- The Washington Times - Wednesday, June 14, 2000

Cardinal James A. Hickey and an overflow crowd of mourners at a Catholic church in Bowie, Md., remembered a slain priest yesterday as a motivator, humorist and "God's instrument" for nearly 30 years.

So many turned out to honor the memory of Monsignor Thomas Wells that hundreds had to pack into the basement at Sacred Heart Church to get a peek at the funeral on one of three televisions.

"We are realizing more and more this week that he seemed to be everywhere," the priest's brother, Dan Wells, told the crowd of about 2,000. "His life was working in the field… . He'd open up that day planner and find a day and time for you."

Monsignor Wells, 56, was found fatally stabbed Thursday morning in the rectory of Mother Seton Roman Catholic Church in Germantown, Md. Montgomery County police have made no arrests.

Though Monsignor Wells worked at the Germantown church, Sacred Heart Church was the first parish he served after his 1971 ordination.

Following the lengthy requiem Mass yesterday, more than 200 priests, bishops and other clergy walked along a wooded path behind the church to a historic graveyard. Family members clutching rosary beads recited the Hail Mary prayer.

Cardinal Hickey, archbishop of the Washington Archdiocese, said prayers over the casket and led the crowd in a chorus of "Salve Regina," an ancient Latin hymn sung at clergy funerals. A bagpiper played "Amazing Grace" after the interment.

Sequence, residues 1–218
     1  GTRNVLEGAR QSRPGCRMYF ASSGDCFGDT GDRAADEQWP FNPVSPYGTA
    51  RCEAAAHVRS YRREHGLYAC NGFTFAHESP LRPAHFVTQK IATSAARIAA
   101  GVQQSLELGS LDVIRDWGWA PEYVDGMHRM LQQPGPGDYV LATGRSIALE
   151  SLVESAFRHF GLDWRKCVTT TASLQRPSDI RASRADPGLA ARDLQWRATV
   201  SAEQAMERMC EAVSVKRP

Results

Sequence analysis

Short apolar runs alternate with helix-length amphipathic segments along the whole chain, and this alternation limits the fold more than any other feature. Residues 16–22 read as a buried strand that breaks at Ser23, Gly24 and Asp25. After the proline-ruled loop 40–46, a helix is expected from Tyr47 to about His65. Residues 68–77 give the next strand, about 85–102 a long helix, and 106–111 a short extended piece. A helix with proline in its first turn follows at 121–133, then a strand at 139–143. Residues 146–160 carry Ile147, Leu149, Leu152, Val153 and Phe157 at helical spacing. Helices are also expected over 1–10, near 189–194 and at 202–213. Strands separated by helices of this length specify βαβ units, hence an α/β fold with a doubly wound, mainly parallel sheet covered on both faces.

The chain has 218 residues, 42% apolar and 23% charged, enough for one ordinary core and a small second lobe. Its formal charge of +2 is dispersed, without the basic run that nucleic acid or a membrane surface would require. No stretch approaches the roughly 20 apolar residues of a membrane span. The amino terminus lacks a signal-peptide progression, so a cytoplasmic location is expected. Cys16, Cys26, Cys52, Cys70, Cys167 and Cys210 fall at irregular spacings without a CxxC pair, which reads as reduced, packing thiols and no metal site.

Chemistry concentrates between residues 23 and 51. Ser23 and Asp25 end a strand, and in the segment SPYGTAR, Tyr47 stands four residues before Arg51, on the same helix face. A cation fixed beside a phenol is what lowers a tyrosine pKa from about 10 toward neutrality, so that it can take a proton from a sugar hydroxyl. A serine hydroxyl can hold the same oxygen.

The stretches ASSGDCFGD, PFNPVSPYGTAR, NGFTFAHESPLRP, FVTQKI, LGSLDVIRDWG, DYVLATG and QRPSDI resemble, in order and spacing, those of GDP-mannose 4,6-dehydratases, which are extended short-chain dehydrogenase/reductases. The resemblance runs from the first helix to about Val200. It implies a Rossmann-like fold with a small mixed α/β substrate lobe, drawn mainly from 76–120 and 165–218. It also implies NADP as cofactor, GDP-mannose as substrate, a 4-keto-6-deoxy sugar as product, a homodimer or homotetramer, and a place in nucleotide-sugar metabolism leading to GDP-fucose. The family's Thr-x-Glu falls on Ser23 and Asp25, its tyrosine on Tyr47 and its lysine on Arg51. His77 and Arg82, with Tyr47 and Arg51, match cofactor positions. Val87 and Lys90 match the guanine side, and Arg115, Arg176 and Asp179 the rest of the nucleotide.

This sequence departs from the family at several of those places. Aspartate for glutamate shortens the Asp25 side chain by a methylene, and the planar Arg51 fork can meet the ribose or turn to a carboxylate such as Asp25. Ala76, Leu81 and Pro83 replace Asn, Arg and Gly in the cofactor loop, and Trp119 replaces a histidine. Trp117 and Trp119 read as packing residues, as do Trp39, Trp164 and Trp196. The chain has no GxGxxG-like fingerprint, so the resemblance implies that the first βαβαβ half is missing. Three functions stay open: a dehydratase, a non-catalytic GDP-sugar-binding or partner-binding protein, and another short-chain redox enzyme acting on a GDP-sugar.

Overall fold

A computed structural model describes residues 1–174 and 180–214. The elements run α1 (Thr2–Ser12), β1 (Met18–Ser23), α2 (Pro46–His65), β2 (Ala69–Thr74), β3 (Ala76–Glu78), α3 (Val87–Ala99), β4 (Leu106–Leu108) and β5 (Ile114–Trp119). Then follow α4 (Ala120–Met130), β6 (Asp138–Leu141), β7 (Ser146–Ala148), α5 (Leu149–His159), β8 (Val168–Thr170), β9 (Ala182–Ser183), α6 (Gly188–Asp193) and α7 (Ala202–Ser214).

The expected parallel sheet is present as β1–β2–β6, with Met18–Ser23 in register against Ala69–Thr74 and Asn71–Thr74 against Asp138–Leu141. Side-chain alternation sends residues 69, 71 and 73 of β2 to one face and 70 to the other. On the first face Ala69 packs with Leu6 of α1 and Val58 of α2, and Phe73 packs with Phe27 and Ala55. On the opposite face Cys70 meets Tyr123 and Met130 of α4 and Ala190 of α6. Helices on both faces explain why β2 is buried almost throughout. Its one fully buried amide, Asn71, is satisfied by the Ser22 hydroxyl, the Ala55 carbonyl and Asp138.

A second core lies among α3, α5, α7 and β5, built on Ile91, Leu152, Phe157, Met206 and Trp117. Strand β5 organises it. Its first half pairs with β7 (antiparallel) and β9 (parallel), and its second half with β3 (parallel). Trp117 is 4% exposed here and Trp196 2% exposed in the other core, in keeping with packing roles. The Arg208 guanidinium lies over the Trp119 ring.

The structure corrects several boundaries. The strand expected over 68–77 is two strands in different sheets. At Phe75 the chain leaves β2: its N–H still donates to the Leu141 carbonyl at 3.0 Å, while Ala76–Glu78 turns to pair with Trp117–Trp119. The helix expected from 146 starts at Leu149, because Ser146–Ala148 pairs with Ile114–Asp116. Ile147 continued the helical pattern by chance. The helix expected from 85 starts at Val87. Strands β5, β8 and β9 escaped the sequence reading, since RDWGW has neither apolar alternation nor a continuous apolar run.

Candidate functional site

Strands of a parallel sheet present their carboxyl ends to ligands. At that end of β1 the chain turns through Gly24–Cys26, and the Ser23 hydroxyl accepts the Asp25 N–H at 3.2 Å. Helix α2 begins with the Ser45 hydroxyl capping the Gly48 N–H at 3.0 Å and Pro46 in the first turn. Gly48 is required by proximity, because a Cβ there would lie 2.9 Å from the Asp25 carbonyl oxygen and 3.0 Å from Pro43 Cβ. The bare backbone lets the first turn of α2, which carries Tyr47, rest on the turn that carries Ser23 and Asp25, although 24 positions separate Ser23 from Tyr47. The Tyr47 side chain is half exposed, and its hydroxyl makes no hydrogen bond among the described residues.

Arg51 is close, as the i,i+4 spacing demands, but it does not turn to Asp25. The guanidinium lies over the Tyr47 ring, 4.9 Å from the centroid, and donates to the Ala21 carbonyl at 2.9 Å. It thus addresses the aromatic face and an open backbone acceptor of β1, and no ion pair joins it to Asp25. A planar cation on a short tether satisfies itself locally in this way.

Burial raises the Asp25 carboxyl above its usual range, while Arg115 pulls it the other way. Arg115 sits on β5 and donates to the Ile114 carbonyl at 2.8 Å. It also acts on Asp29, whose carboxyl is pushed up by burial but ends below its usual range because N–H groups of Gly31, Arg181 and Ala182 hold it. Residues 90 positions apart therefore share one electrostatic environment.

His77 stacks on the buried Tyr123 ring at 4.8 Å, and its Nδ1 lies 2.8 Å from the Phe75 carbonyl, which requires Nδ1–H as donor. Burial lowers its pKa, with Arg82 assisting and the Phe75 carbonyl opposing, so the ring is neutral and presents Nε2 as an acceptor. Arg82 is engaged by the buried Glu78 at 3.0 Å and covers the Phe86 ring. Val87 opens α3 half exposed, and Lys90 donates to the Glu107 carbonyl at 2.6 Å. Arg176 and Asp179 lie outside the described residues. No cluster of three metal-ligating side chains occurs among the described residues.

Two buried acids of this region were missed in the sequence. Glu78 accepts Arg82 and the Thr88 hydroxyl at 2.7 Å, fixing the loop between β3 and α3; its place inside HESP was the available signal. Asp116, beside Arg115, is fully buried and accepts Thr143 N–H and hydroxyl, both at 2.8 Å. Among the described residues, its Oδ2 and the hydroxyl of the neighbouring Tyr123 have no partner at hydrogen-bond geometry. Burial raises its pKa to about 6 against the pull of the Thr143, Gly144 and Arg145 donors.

The cemetery lies next to the Chapel on the Hill, where the Catholic Church of America was organized in the 1780s and where Father John Carroll was elected the first Catholic bishop of the United States.

"His violent death had a tremendous effect on all of us," the Rev. William Lori, the auxiliary bishop of the archdiocese, told reporters after the burial. He conceded having trouble accepting the news last week.

During the Mass, speakers said very little of the manner of death, choosing instead to focus on the ripple Monsignor Wells made in the Catholic Church.

"My friend Tom Wells … has gone home to God and so I rejoice," said the Rev. James Stack, the monsignor's colleague and golf partner. "I rejoice because Tommy always said the goal of life is heaven."

He spoke of Monsignor Wells' dedication to the cloth and desire to conduct personal Mass even on vacation. Father Stack told of the time the two were stuck in Colorado without their "Mass kit," so Monsignor Wells sent his friend down to the hotel bar to ask for wine.

"That's how much he loved the Eucharist," Father Stack said.

Dan Wells recalled his brother's "rampant sarcasm, gentle teasing and ready wit."

Monsignor Wells was ordained into the Washington Archdiocese in 1971 and worked in parishes across Montgomery and Prince George's counties. He was named a monsignor in 1991, came to Mother Seton in January 1999 and had a following of parishioners from as far away as Adelphi.

"We know that Monsignor Tom is not gone," Cardinal Hickey said. "He is with us in another life."

Aside from his brother, Monsignor Wells' three sisters and 21 nieces and nephews were in attendance yesterday. There were so many relatives that they spilled over into the dignitary-seating area.

The church parking lot filled quickly and Prince George's County and Maryland State Police parked vehicles along Route 450, which they closed to all other traffic.

"When you met Father Wells, you knew he had something," said Lizanne Coyle, 45, a member of Sacred Heart Church. "You wanted what he had."

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